It is estimated that 97- 98% of Earths water lies in the great ocean basins. Thus salt can be considered the largest contaminant in the planetary drinking supply. Of the 2-3% of the earths water that is considered fresh (< .03% salt by weight) most is locked up in the polar ice caps. Easily accessible fresh surface water is estimated to be less than .1% of the planets overall water resources.
The movement of the world's water through different physical phases (i.e. solid, liquid, and gas) is referred to as the hydrodynamic cycle. Solar energy heats Earth's surface waters and drives evaporation. Evaporated water vapor rises, where it cools, and ultimately
condenses into clouds.
Clouds often move long distances via local air currents before loosing much of their water content through precipitation. This precipitation, may in turn recharge surface reservoirs and underground aquifers through infiltration.
One way to get a better sense of some of the different aspects of the earth's
look at different graphical depictions.
(press here for graphical tour).
Notice that different diagrams
emphasize the importance of different components of the worlds water system (i.e. solar heating, plant transpiration, surface geography, and subterranean water flow.)
Driven by seasonal variations in incident solar radiation, atmospheric and oceanic currents, and physical geography the water cycle distributes fresh water seasonally and unevenly around the globe. The animated terrestrial precipitation map featured below shows precipitation patterns averaged month by month from 1961 to 1990. Clearly visible is the latitudinal shift in precipitation over the course of an average year.
In 2015 NASA unveiled the following high spatial (10km x 10km)and temporal resolution (30 min.) animation of data gathered over the course of 2014. This map reveals much greater detail about the complexity of the patterns of actual precipitation rather than monthly averages.
satellite precipitation imagery from 2014.
High Resolution Global Precipitation Map from NASA (2014).
In general terms it is worth noting that the vast majority of rain falls in the tropics and in the ocean. This can be easily with precipitation data averaged over the course of a year. The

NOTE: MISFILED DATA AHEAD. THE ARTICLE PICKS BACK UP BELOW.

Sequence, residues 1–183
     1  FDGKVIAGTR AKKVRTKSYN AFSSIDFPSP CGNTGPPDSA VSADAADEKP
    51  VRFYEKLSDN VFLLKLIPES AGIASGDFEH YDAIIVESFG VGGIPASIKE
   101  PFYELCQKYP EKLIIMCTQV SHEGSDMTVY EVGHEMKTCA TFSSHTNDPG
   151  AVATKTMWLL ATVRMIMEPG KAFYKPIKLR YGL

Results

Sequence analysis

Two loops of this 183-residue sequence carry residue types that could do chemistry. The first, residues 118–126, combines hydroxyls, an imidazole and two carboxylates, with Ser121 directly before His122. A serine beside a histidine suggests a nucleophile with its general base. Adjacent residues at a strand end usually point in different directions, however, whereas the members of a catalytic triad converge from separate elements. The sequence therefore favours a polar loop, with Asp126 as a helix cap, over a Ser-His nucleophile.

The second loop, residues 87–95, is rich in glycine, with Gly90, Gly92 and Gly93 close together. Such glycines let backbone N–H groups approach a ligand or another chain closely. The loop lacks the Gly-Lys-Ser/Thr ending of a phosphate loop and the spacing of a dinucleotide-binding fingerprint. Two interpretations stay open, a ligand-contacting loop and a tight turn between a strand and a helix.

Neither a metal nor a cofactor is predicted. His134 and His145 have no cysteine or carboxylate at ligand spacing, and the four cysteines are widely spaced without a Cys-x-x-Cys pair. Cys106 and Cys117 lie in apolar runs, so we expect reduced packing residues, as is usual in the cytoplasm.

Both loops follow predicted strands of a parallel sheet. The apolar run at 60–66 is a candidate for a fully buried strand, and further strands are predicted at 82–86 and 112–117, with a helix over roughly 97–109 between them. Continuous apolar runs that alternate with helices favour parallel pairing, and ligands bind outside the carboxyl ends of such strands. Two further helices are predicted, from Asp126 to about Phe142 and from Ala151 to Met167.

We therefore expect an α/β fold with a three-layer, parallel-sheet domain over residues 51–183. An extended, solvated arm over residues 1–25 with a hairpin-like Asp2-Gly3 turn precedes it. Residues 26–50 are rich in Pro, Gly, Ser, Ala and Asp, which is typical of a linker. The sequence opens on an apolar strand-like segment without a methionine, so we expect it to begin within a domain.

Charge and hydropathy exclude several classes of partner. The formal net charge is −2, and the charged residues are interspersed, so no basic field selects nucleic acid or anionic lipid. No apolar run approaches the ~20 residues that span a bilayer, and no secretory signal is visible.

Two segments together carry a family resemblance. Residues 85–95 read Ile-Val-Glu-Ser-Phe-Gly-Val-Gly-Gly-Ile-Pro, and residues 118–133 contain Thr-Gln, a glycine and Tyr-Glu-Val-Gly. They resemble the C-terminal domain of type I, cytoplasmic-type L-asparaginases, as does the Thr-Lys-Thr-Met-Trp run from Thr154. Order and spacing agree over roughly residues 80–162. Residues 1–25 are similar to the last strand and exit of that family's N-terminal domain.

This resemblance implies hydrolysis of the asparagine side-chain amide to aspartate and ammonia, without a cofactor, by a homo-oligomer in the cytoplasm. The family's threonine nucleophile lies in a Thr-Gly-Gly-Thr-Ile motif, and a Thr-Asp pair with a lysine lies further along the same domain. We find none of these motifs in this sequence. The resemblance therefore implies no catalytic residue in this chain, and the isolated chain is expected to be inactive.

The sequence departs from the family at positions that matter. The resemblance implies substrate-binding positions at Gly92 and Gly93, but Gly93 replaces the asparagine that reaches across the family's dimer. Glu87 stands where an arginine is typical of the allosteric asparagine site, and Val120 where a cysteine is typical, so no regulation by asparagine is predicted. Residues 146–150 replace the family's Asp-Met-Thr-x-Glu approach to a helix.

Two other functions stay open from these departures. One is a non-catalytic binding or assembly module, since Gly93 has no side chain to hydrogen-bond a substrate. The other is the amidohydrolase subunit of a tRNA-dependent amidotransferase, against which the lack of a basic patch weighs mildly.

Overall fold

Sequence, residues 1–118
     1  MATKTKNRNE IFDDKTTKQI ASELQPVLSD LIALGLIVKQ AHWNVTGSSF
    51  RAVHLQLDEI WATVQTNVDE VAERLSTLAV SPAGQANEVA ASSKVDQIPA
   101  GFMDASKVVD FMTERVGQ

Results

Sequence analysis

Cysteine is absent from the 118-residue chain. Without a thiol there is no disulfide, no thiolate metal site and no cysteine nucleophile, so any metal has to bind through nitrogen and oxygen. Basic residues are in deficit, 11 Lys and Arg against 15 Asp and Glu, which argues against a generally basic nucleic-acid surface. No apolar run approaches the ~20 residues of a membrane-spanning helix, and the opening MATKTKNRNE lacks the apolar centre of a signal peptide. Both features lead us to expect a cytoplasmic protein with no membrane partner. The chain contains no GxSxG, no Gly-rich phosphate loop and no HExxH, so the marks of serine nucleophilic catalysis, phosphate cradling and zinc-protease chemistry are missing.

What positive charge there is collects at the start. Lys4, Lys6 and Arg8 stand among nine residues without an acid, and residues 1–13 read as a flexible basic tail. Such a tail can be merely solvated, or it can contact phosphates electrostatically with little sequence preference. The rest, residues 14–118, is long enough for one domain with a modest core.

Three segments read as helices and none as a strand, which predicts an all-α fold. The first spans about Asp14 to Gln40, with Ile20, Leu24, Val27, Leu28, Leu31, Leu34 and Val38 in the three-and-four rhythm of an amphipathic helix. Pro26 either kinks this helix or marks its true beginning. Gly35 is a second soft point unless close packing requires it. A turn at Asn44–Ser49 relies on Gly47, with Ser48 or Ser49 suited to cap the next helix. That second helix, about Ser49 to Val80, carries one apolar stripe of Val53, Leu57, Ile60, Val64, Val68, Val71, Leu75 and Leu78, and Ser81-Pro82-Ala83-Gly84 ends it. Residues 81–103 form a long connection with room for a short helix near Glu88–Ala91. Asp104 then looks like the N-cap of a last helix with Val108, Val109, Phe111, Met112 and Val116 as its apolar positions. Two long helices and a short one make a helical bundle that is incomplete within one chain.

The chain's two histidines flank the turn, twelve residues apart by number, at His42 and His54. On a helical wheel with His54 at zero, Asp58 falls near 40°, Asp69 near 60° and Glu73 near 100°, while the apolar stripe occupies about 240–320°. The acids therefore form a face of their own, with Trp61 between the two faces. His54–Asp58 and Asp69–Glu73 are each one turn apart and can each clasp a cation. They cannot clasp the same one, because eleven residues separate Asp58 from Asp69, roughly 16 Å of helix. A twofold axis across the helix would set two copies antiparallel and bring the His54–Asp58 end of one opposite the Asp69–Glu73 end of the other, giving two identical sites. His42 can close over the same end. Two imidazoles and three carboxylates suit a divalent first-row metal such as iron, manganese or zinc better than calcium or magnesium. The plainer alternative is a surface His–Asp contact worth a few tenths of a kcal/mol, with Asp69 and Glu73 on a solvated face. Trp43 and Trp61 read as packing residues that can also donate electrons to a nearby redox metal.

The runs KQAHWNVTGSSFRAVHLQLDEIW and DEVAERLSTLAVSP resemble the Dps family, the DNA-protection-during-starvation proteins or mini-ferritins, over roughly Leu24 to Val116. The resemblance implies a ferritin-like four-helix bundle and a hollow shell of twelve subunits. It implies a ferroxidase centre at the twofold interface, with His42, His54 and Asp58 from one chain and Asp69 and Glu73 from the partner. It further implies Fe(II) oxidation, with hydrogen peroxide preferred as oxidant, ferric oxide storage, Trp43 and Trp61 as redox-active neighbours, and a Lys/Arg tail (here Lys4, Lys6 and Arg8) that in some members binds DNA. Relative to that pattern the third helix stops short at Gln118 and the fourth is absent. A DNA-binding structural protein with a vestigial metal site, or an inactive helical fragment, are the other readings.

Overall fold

Global Precipitation Climatology Project (GPCP)
map below derived from 1988-2004 NASA data below reveals higher annual precipitation along the Coriolis driven, polewards aspect of the Pacific and Atlantic ocean currents.
Much of the rain incident on the world's land masses is collected and channeled by river basins. The twenty-three largest river basins are illustrated in the UNEP map below. Water collected by river basins is channeled to the ocean, lakes, aquifers, directly tapped by human kind, absorbed by surrounding soil and water, or evaporates.
The World's Largest River Basins. Compliments of
Aquifers are subterranean volumes of creviced rock that have the capacity to hold large amounts of water (see the USGS figure below). Some aquifers are continually recharged by precipitation and inflitration of water from the surface.
Estimates suggest that 20% of all accessible freshwater is found as groundwater in aquifers. However the ability of earth materials to store or transmit water varies significantly. Thus, like oceans, precipitation patterns, and river basins, aquifers are not distributed evenly across the surface of the planet.
Because of the limited porosity of many rock types and the convoluted structure of the network of crevices that make up an aquifer, subterranean water flows at very slow speeds. Although water may have chemicals leech into it under ground the
tightly nit rock structures can also act as filters provided that the path length is sufficiently long. Thus many wells and springs provide fresh water largely untainted from biological pathogens and chemical contaminants.
The underground geological features that define
properties can be complex. In the following diagram, notice how
the aquifers in this region are depicted as being stacked with layers
of relatively impermeable rock between them.
The illustration above also depicts several wells. Wells can draw down water in the aquifer nearby. This can lead to a cone of depression forming in the water table as rock near the well head is depleted of water (see animation of well draw down below.) A local depression in the water level may not only lead to a well running dry but can also deprive local vegetation and animal life of water resources.
Cones of depression represent a loss of hydrostatic pressure in the volume around the well head. Thus a cone of depression not only lowers the effective water table for a given well but the loss of hydrostatic pressure can leave the aquifer open to intrusion by contaminants, result in land subsidence, or the formation of sinkholes.
A global map of land subsidence is
currently in progress however the USGS has published the following map of land subsidence in the continental US.
This page provides a basic introduction to relevant water science.
Most of the graphics used for this page are selected from educational and scientific websites. In all cases the graphic links to the original website. We do not guarantee the accuracy of these sites, but many are of high quality and we encourage the interested reader to read them thoroughly.